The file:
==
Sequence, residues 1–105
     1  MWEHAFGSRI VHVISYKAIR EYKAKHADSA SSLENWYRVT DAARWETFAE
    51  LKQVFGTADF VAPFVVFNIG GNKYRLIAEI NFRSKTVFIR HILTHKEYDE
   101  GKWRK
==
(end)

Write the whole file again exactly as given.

Sequence, residues 1–105
     1  MWEHAFGSRI VHVISYKAIR EYKAKHADSA SSLENWYRVT DAARWETFAE
    51  LKQVFGTADF VAPFVVFNIG GNKYRLIAEI NFRSKTVFIR HILTHKEYDE
   101  GKWRK